I wondered what pictures my friends would show of me if I were in the same position, and then I realized there weren't many. Mostly I was with my kids, not my friends, and mostly I took pictures of them. I, like most people I know, don't like having my picture taken and I'm comfortable being the picture-taker instead of the take-ee. But this woman, a bar tender who knew more people than Facebook, had a big smile ready for each shot, like she knew she was the kind of person that people wanted to remember with a picture. I decided to have my picture taken like that from now on - with big smiles even though I don't like my smile. And maybe some Popeye muscle.
Lucy and I had met at Jan's house and she'd driven us there. Rhonda had been there for an hour and was already mixing it up with the ladies at the bar.
"How many women is Rhonda dating now?" I asked Jan, as we walked over to her.
"FIVE??" Lucy and I said.
"How?" Lucy asked. "How does she keep track of that?"
Jan shrugged. She's going through a divorce and the complexities of dating aren't on her mind.
"I don't know. Rhonda!" I hollered.
The PowerePoint show ended as we approached her. She didn't hear me, though I was only five feet from her. She was talking to three different women at once. I had to lay a hand on her shoulder and shake her.
"Hey!" she exclaimed and kissed my cheek.
I didn't return the kiss. I just said, "You're seeing FIVE women?"
"Yeah," she said, through a grin.
"How do you do that?"
"They don't live in town. Never in town, that's the rule."
"Yes," she pointed at me. "That's been your problem."
I wanted to argue that during my last relationship we lived an hour away from each other for the first six months, and also that I suffer from several problems, but she was already talking to eight other women by then.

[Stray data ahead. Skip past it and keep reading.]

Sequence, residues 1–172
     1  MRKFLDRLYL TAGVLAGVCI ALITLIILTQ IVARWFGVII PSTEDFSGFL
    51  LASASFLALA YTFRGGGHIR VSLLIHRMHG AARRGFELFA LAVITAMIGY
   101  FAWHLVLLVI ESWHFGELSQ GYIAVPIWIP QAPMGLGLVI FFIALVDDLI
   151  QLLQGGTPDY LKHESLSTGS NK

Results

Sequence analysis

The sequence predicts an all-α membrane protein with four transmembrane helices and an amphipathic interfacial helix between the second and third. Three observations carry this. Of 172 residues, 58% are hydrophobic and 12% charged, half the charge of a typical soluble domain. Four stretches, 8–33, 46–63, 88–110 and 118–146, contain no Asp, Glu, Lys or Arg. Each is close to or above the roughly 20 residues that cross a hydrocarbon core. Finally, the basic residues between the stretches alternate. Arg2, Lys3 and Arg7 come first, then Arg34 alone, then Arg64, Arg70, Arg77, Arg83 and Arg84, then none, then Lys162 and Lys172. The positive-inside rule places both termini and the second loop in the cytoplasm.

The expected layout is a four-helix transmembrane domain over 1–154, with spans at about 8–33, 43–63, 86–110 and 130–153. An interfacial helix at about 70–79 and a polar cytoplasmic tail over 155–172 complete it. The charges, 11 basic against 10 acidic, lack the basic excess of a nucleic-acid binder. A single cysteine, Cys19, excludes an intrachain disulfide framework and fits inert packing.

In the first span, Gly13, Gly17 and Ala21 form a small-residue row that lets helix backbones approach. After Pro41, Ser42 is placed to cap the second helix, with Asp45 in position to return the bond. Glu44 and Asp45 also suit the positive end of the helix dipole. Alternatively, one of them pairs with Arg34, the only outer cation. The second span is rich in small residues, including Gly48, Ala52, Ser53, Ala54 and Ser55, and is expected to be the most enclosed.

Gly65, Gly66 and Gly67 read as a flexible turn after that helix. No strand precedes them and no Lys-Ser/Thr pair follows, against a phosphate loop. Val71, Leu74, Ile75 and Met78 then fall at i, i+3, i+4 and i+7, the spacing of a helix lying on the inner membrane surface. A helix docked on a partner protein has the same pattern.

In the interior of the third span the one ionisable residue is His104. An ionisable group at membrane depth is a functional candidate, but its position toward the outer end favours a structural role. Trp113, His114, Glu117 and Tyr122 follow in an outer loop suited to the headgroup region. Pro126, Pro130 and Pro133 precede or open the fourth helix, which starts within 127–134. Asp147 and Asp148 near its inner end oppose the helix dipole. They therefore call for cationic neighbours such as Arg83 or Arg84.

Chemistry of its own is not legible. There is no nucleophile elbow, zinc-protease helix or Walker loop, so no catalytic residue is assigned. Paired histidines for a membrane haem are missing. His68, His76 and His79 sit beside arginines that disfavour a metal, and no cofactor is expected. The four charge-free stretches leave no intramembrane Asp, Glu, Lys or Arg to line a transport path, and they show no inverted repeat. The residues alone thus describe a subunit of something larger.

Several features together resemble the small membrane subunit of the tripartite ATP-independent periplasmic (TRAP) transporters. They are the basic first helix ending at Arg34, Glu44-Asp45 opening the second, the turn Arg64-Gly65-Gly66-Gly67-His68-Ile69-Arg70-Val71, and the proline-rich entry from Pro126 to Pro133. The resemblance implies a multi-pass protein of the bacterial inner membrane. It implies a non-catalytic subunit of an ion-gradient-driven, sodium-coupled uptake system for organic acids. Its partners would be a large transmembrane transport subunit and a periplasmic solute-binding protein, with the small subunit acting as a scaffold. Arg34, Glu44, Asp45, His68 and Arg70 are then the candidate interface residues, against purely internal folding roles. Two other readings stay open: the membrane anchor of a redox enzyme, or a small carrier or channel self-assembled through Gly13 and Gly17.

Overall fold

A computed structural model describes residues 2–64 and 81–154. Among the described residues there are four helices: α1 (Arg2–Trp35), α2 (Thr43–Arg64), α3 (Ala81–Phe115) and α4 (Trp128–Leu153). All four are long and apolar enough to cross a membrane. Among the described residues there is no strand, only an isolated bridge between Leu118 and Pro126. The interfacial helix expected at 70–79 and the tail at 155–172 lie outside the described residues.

Maybe that's also my problem. I talk to women one at a time. Rhonda needs to write down these rules.
Jan went off to talk to a few other people, and Lucy and I just stood there for a minute before she said something about needing a drink.
"Want anything?" she asked.
I looked over at some people who were dancing. I thought about saying that I wanted to know how to dance because it would be something to do.
"Water," I told her, even though I knew that to further hydrate myself meant I was even less likely to dance.
When she walked off I saw two people who were not standing next to each other, but were both in my line of vision and both extremely noticeable. One was a really cute guy who was dancing by himself like Napoleon Dynamite. The other was a tall, lean-muscled woman in a blue tank top who stared straight at me and smiled.
To be continued...